The Prairie House Prairie House: Norman, Oklahoma, 1960-61
The Greene home, created as a sculpture on the Oklahoma prairie evokes a complex set of references – primordial creature, shelter, protective hide, futurist object as the elements of surprise. It is architecture related to the Oklahoma landscape: prairies, winds and distances, clouds and planes. Cedar boards and shakes are collaged over a wood-sheathed frame surfaced with mineral-coated roll roofing, giving the house complex rhythms, fractures and metaphors of scales and feathers. The unfinished rough-sawn boards are used with vivid expression of their character not merely as fill-in for walls where stone or metal would work as well. Shingles add a delicate scale, and work on curved surfaces to good effect. Aluminum and granite are used for the carport and ramp providing contrast of color and substance for the wood mass of the main structure. The vibrating surface made by shingle patterns expresses energy and life while the mass and uniformity of surface create a calming unity. In the interior, the warmth of unfinished cedar is complemented by incandescent light and natural light.
The two-story design evolved principally to give height over the prairie and to afford privacy for children and from children. A two-story house normally affords construction economics and we could incorporate a balcony as spacial luxury at a small cost. Instead of trying to arrest the weather it is incorporated into the effect. The house is carefully considered as a changing form to walk around, outside and inside. The narrowest silhouette confronts the severe west winds and lets the sunset in to color the interior. The family and kitchen areas face the sunrise. There are 2100 square feet of living area, a granite paved ramp and entry, carport, and a screened porch to stand on the roof 25 feet above ground.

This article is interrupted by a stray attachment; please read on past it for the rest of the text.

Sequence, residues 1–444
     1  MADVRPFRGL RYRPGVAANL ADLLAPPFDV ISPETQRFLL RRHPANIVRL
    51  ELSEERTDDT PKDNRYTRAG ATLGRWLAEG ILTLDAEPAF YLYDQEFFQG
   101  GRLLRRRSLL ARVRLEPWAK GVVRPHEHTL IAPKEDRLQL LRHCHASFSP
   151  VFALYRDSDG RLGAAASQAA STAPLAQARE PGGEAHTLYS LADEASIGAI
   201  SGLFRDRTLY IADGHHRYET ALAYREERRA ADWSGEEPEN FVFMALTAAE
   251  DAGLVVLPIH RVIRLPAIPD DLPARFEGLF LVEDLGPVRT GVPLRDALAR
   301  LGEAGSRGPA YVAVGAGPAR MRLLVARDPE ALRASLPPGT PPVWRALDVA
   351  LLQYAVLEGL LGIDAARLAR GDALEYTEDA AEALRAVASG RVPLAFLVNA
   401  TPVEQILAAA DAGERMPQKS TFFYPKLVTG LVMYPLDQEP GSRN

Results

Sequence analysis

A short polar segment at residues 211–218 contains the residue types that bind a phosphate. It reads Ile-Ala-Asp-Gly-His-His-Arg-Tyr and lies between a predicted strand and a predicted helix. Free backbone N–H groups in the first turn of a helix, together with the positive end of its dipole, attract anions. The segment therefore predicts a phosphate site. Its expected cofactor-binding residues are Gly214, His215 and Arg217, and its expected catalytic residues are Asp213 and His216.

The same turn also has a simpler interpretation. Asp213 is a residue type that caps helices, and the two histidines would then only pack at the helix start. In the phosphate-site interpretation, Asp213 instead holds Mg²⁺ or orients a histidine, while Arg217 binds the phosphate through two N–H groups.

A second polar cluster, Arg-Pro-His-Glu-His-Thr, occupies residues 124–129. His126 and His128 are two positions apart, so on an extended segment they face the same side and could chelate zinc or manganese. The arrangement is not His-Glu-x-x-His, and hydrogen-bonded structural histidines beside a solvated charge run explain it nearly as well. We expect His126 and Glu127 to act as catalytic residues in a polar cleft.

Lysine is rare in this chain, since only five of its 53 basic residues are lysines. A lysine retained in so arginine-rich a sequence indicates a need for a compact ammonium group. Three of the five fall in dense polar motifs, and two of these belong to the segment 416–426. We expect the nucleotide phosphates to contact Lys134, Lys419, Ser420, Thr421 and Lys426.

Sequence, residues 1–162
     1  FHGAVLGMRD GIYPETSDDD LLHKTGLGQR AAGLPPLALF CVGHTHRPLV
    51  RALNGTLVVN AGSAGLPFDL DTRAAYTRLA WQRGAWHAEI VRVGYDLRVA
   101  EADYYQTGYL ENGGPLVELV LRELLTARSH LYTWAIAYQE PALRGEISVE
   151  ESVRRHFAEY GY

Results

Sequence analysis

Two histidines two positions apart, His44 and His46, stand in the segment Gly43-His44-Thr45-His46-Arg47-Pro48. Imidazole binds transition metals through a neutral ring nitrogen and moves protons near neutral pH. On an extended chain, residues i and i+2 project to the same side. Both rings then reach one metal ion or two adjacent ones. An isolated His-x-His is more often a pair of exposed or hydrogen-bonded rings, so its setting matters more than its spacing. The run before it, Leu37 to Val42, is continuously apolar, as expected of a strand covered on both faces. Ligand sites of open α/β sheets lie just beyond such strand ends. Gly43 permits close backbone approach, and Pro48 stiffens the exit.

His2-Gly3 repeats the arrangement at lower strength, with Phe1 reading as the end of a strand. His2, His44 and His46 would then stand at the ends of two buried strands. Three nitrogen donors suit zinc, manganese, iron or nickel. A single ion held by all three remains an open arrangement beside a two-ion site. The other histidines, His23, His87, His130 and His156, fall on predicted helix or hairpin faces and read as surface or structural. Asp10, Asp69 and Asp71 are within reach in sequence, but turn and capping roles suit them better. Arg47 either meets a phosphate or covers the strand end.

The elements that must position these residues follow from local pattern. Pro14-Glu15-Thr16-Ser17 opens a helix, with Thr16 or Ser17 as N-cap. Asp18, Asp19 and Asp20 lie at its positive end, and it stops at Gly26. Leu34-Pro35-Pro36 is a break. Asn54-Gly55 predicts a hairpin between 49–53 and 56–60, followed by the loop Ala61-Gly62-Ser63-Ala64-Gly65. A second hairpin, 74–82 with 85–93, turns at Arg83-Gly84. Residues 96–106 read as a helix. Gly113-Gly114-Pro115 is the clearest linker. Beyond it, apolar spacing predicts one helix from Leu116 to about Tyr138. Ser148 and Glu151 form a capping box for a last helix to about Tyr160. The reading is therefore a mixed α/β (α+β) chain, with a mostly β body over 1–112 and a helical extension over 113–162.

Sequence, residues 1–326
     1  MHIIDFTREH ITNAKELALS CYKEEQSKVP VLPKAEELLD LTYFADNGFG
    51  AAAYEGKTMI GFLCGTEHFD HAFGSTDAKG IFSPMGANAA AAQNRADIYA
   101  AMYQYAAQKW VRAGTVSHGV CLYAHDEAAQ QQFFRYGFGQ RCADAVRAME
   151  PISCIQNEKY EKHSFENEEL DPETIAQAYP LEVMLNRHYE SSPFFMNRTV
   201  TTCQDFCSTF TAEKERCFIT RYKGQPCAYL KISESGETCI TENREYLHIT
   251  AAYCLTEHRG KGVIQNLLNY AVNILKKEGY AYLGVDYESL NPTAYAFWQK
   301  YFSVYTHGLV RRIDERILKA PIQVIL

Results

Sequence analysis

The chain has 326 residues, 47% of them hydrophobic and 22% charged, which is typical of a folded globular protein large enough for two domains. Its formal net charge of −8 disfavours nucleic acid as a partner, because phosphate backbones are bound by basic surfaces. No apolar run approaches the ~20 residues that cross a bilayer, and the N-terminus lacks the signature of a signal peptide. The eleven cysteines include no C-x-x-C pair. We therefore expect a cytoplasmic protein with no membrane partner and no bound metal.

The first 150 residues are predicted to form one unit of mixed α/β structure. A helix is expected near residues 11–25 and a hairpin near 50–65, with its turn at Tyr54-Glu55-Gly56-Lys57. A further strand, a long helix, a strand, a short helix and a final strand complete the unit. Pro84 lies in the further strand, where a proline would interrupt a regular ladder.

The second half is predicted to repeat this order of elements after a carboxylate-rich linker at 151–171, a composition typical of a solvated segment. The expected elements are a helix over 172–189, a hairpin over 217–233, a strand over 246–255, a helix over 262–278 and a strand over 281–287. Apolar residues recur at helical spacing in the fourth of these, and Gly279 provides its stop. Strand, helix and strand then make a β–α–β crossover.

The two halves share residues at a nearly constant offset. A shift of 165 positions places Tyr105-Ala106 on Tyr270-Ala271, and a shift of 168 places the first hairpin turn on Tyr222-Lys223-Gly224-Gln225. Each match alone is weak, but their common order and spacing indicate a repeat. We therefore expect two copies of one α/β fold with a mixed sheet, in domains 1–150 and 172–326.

The house has some resemblance to a prairie chicken. The concept springs from the belief that our more important feelings arising from the world of forms are not defined primarily by straight lines, circles, squares or free forms. These geometric relations illustrate one set of conditions derived from the world of our experience. Other relations, for instance, those of substance and quality are also vital components of our experiential feelings. The aim is to introduce a reference frame of feeling usually reserved for sentient creatures. Pathos, vulnerability and pain are juxtaposed with the more familiar house-meanings of sheltering, protection and comfort.
The form of the Greene Prairie House is an attempt to get closer to the world of our actual experience. In its suggestion of forms reminiscent of many things while imitating no one specific thing the house becomes a metaphor, related to the personal interests of the owners. Rhythmic progression of boards and shingles make a pattern symbolic of the animation and movement of the natural things which constitute the landscape. We are finally required to respond privately to the public world of form and tradition. Everyone’s past experience being different means that someone will see something somebody else won’t see. The Greene House wants to enliven these variable responses as a function of an aesthetic aim. Among other theorists and architects, the work of John Hurtig was a strong inspiration on the Prairie House.
The Prairie House is further described in Herb Greene’s “Mind and Image.“